Nothing Beside Remains: "Ozymandias" and Impermanence

In 1821, Percy Bysshe Shelley published a sonnet titled “Ozymandias” in London’s Examiner magazine. This meditation on earthly might and its transience was said to be inspired by the British Museum’s acquisition in 1818 of the “Younger Memnon” statue of the Egyptian pharaoh Ramesses II, called Ozymandias in Greek. The poem has lasted now for almost two centuries, and is well on its way to achieving the seeming immortality it questions and subverts. It’s a work of art that offers a profound lesson to contemporary leaders: in the longest term, all power is ephemeral.

Ozy Article HEADER

I met a traveller from an antique land
Who said: “Two vast and trunkless legs of stone
Stand in the desert . . . Near them, on the sand,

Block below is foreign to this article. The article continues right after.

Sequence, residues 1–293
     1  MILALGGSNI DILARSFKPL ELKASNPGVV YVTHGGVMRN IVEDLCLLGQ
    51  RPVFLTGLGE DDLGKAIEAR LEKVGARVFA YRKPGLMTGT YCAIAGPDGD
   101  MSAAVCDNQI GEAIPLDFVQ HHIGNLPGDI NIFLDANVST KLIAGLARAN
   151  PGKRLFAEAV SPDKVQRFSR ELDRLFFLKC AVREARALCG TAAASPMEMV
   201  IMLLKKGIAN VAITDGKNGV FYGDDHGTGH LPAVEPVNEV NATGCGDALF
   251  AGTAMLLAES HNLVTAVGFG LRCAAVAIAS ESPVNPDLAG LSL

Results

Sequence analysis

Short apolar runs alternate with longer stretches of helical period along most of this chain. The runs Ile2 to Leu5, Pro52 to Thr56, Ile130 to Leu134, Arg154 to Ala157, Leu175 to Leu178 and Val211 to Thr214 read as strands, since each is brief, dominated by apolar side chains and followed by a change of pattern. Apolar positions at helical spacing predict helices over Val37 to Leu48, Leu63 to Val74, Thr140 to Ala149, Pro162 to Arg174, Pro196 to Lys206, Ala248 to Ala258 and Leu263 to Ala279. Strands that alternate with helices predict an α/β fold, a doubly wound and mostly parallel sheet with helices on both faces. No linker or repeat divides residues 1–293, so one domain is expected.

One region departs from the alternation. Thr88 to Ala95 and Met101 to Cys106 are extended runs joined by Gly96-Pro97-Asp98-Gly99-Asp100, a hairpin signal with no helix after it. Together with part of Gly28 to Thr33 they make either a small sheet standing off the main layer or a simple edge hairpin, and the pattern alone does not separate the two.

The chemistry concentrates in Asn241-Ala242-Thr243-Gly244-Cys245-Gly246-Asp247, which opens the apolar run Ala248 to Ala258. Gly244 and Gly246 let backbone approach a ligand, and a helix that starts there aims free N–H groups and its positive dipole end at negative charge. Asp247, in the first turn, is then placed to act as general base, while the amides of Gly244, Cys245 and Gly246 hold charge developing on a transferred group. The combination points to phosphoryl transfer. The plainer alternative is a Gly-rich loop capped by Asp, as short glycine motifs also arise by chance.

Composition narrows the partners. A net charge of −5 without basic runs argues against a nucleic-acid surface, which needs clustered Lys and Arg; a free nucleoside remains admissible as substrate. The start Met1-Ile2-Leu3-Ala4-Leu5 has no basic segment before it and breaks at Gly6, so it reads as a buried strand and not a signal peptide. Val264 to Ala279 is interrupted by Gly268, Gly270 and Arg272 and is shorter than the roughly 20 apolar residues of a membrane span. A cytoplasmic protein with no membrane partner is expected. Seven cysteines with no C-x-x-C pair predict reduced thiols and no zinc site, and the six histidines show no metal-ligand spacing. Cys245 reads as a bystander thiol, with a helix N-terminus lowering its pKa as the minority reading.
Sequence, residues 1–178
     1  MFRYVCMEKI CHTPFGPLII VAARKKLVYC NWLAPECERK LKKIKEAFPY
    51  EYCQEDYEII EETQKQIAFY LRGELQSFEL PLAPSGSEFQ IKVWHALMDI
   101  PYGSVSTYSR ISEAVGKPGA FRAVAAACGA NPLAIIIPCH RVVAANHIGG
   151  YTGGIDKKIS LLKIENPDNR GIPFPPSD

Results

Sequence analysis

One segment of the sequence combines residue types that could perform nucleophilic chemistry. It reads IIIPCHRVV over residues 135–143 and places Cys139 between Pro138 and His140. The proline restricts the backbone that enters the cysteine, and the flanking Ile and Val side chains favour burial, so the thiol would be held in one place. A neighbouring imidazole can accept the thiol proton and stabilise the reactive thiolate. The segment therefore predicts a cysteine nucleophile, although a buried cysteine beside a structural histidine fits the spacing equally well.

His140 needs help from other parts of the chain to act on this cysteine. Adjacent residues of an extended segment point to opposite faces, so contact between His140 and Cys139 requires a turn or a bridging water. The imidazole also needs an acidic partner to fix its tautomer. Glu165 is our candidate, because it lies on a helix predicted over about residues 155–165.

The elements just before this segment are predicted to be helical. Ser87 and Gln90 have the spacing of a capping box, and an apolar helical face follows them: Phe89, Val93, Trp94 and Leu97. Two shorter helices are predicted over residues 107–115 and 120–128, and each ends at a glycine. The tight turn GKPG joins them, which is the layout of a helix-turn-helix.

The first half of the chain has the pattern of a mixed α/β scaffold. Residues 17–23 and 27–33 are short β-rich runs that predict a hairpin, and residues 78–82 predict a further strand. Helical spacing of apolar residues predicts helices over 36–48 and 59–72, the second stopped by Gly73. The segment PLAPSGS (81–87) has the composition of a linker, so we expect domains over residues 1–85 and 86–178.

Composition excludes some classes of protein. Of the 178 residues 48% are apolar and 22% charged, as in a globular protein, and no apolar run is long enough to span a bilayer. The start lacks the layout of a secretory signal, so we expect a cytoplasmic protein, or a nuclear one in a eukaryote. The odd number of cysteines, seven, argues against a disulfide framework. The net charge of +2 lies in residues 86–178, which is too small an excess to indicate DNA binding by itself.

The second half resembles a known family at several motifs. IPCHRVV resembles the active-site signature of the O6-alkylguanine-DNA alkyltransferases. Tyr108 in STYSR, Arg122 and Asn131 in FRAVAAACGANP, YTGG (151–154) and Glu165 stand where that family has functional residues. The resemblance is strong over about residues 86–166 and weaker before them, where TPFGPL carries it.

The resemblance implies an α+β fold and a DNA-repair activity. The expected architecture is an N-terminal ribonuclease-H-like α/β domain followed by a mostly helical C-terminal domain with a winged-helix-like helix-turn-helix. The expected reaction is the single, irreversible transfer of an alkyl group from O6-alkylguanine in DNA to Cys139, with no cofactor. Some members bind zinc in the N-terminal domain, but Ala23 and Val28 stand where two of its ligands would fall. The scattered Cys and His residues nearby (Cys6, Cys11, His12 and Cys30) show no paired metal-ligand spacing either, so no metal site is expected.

Half sunk, a shattered visage lies, whose frown,
And wrinkled lip, and sneer of cold command,
Tell that its sculptor well those passions read
Which yet survive, stamped on these lifeless things,
The hand that mocked them, and the heart that fed:
And on the pedestal these words appear:
‘My name is Ozymandias, king of kings:
Look on my works, ye Mighty, and despair!'
Nothing beside remains. Round the decay
Of that colossal wreck, boundless and bare
The lone and level sands stretch far away.”